Washington, D.C. -
The United States has filed a trade dispute case against China with the WTO over China's increasingly restrictive "rare earth" materials. The European Union, E.U., and Japan have also joins the case with the U.S.
At issue is what the U.S. says is China's unfair limiting of rare earth materials used in high tech devices like smartphones, flat screen TVs, automobiles, medical equipment, weapons and missiles and other important items. The U.S. claims China is hoarding supplies of rare earth for its own gain and to extra unreasonably high prices.
When China last stopped exports of rare earth, prices shot up 900% in some places around the world.
According to the E.U., the trade dispute involved 17 rare earths, including cerium, neodymium and dysprosium as well as tungsten and molybdenum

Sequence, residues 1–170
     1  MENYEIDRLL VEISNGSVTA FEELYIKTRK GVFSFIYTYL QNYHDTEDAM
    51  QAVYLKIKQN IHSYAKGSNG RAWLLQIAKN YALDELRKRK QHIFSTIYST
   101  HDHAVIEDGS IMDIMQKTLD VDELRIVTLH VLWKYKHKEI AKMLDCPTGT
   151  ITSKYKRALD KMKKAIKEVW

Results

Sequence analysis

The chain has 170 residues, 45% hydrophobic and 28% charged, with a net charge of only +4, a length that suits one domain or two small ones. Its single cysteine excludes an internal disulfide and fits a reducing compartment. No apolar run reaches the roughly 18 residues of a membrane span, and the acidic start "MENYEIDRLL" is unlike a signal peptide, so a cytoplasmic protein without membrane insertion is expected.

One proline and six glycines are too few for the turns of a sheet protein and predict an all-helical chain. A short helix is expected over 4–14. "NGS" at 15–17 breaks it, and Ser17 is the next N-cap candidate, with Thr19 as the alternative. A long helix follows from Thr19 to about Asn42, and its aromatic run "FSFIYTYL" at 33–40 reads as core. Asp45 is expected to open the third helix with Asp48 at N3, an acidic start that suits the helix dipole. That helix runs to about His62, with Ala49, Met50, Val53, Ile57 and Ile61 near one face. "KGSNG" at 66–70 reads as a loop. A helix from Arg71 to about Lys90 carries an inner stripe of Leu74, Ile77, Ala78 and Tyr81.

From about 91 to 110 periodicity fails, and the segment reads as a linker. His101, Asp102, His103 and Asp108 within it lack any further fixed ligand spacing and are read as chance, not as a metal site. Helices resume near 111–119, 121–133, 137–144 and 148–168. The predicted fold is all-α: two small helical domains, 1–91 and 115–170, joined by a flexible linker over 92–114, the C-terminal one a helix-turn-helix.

China produces 97% of the world's supply of rare earth.
"China's restrictions on rare earths and other products violate international trade rules and must be removed," said Karel De Gucht, EU trade commissioner, in a statement. "These measures hurt our producers and consumers in the EU and across the world, including manufacturers."
Ron Kirk, U.S. trade representative, said, "America's workers and manufacturers are being hurt in both established and budding industrial sectors by these policies. China continues to make its export restraints more restrictive, resulting in massive distortions and harmful disruptions in supply chains for these materials throughout the global marketplace."
For its part, China said it put in place restriction on exports of rare earth for environmental reasons.
"China has worked out its own policy on managing rare earths, which is in line with WTO regulations," Liu Weimin, a spokesman for the Chinese Ministry of Foreign Affairs, said at a news conference. "Our policies tackle not only the export of rare earth but also its production and exploration."